Power Drives powers up at RI2015

Written by William C. Vantuono, Editor-in-Chief
Power Drives 2

Power Drives, Inc. (PDI), a Buffalo, N.Y.-based supplier of diesel engine heating/idle reduction and fuel filtration systems with manufacturing facilities in Erie, Pa., Falconer (Jamestown), N.Y., and Haiyu Town, Changsu City, China, spotlighted two recently introduced technologies at Railway Interchange 2015 in Minneapolis.

PDI’s new fully synthetic, dual-layered diesel fuel filtration system, co-developed with Schroeder Industries, “offers two times the service life of traditional cellulose-based filters,” according to President and CEO Lou Panzica. “The driving force in diesel fuel filtration are the requirements that Tier 3 and 4 engines need to meet lower PM (particulate matter) entrainment levels, as well as reduced tolerance for entrained water. Non-Tier 4 locomotives will also benefit from removal of particulates that cause wear and tear and malfunctions of critical components, enhancing the life of the locomotive.”

Power Drives 2The filter (pictured, with Global Accounts Manager Eric Knechtel), according to PDI, “increases dirt-holding capacity by 242% vs. an OEM unit; offers an efficiency of 99.98% of particles at 4 microns or greater and a 50% pressure drop reduction; doubles the life between change-outs, with half the maintenance installation time; and offers improved cleanliness per ISO Code 4406, which exceeds Tier 4 requirements. A more robust end cap prevents deformation, allowing the filter to sit flush and seal properly, eliminating common misalignment and premature failure problems.”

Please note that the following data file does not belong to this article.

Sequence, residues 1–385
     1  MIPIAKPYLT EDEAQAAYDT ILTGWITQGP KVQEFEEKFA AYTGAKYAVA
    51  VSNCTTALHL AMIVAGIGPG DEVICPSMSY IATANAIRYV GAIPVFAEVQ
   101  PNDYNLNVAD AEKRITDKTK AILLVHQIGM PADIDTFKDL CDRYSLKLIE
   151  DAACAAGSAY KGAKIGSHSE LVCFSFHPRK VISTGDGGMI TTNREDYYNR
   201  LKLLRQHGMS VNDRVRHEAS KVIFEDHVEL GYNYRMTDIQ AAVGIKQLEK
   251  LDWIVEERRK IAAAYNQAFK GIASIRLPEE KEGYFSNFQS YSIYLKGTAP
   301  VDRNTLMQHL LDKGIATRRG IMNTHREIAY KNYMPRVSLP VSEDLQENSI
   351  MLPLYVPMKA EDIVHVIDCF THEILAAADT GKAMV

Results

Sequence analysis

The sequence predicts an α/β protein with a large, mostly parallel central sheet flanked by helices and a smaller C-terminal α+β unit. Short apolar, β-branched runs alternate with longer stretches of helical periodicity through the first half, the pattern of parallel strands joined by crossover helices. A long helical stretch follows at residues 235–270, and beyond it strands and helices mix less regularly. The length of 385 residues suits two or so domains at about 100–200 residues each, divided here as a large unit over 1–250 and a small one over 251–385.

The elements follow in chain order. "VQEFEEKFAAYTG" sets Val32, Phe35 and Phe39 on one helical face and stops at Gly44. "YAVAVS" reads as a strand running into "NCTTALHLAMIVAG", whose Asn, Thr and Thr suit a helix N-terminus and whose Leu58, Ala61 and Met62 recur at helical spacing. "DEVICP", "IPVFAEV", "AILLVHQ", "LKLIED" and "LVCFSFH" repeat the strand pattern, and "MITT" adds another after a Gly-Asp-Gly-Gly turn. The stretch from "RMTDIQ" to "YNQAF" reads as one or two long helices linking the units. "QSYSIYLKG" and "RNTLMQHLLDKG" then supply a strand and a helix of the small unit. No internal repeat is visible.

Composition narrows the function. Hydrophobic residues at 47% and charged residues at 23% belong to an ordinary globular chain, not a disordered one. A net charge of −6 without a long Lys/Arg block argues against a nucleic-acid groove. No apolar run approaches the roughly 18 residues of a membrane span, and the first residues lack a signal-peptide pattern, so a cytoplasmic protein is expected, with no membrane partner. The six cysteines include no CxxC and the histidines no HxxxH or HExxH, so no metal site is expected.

PDI’s Powerhouse™ Diesel Warming System (DWS) is available in two configurations: The DWS-APU and the DWS-120. The DWS-APU (Auxiliary Power Unit) incorporates a Tier 4-compliant, 9.5 hp single-cylinder Kubota® engine. The DWS-120 operates from an 120/240 VAC, 5/2.5-amp external electric power source.

Both units, described as “compact,” feature the Powerhouse™ Heat Exchanger, rated at 136,000 BTUs/hour (40kW). The heat exchanger “provides rapid coolant heating plus rock-solid reliability,” maintaining an engine coolant temperature of 100 degrees F “even in the coldest of temperatures.” Its diesel burner draws fuel directly from the locomotive fuel tank. A 25 GPM (gallons per minute), 72 VDC electric water pump circulates heated water and/or coolant. A 5 GPM oil circulating pump is available.

The DWS-APU consists of two modular components, the APU and the heat exchanger/pump, that can be mounted up to 20 feet apart, “providing installation flexibility and a smaller footprint.” Its Kubota engine drives a 72 VDC, 80-amp alternator that supplies power to electronic controls and a 35 amp locomotive battery trickle charger. It consumes, on average, 0.38 GPH (gallons per hour) of fuel once at temperature.

The DWS-120 consumes, on average, 0.35 GPH of fuel once at temperature. This unit, says Panzica, “is ideal for ‘captive’ locomotives not employed in interchange service.”

PDI is an OEM supplier to GE Transportation’s Erie and Fort Worth, Tex., locomotive manufacturing plants and Grove City, Pa., engine plant, a relationship that dates back to the mid-1980s. The DWS-APU is OEM equipment on GE’s Powerhaul export locomotives. The company has been in business since 1945.

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